Saturday, February 13, 2016

A Sort of Chicken Curry with Lots of Pepper

I have been making a Pepper Curried Chicken dish for a lot of years. I love pepper, as many might know! Really good quality black Tellicherry Peppercorns have such an amazingly floral bouquet. Having a really good pepper mill is also a real plus, because pre-ground pepper just tastes awful. It really makes me question what might be mixed in with it, because it tastes nothing like the pepper I have come to know.
Pepper Curried Chicken
Pepper Curried Chicken

Pepper and Pepper Grinders

I have two pepper grinders I use all the time. Many pepper grinders do not have mechanisms large enough to accommodate Tellicherry peppercorns. Tellicherry are fully ripened pepper berries, and so are much larger and also have the most full flavor. Next down the scale are Malabar, which are not perfectly ripened berries, and just slightly smaller. If you buy whole peppercorns without one of these two labels, they will be imperfectly ripened and much smaller, including many and varied sizes of berry. The two grinders I favor (shown as the first two in the photo here below) have larger grinding mechanisms. 

All My Pepper Mills
All My Pepper Mills
One of them, a brass mill shown second in the lineup above, is actually a Turkish coffee grinder, so of course it will easily accommodate the larger pepper berries, which are far smaller than coffee beans. It grinds exceedingly fine. While it is supposedly adjustable, I have never, ever, tried to change the fine setting. I love this one because it grinds a whole lot of pepper, really, really fast. Twenty-five quick grinds with the handle will give me approximately ½ teaspoon of very fine pepper in no time flat. My husband cannot tolerate coarse pepper. If it gets in his throat he completely loses his breath and coughs like he might die, gasping for air. His sister is the same. I use this fine grind for anything I am cooking, so neither of them have this difficulty.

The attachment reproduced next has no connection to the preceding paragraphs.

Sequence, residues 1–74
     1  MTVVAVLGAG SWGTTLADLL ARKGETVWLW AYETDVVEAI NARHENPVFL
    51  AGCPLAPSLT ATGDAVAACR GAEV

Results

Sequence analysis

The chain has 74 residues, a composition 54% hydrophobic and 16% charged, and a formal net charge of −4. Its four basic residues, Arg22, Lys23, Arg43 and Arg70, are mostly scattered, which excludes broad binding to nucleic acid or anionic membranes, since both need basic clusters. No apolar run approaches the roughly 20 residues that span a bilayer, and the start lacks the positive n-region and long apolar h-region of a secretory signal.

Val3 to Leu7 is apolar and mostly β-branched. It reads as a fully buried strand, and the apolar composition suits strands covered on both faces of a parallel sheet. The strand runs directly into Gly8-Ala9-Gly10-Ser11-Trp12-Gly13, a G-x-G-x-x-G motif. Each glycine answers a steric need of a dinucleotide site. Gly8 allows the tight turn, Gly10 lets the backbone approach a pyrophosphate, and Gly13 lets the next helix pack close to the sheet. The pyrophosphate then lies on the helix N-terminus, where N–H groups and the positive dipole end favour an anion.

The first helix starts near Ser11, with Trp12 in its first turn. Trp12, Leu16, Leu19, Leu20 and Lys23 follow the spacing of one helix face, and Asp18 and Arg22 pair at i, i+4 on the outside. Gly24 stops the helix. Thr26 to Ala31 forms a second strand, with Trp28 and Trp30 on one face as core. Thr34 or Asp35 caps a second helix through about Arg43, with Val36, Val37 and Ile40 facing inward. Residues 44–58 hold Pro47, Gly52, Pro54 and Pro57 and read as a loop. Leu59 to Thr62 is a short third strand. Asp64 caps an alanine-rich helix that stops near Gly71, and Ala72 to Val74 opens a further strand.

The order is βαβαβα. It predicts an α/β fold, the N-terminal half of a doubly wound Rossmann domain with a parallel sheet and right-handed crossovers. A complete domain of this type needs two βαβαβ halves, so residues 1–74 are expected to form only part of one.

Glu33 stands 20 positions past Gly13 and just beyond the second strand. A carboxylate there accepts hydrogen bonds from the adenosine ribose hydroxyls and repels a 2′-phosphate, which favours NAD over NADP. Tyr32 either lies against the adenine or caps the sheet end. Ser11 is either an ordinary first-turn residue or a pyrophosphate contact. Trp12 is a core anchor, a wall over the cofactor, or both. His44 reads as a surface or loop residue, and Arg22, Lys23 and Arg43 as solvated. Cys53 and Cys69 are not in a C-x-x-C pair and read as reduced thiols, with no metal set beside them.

The other grinder I love is the kind that Mario Batali favored. It used to be "Vic Firth" brand but this was bought out (apparently), and now is called "Fletcher's Mill". It is widely advertised as a "Mario Batali Pepper Mill". It is the exact same mechanism, in many of the same shapes and sizes of mill body. I love red, so I got myself a pretty red one, in the same shape as the orange one Mario used on his TV shows. This particular one is so simple to adjust and works so well, both grinding a relatively good amount quickly, and grinding to whatever size grind I prefer for the moment, from very fine to very coarse. It will grind Tellicherry peppercorns with no problem.

I have other pepper mills I've accumulated over years, that do less of a good job, either because they grind poorly or just barely grind anything at all. They also will not grind Tellicherry peppercorns, which just get caught up in the mill, and preventing other peppercorns from getting through. I use those other mills for things like all white peppercorns (for occasions where they are needed), and in another one, a mix of green, white and pink (for light meats like chicken, pork or fish), and on like that. 

Caveat: Do not use pepper mills for salt!

There are lots of coarse salts available these days also, but beware! Do not use a pepper mill for salt, as the salt will badly corrode the metal grinding mechanism, and you've spent money for nothing. There are special salt grinders available with a plastic grinding mechanism, so corrosion is not a problem.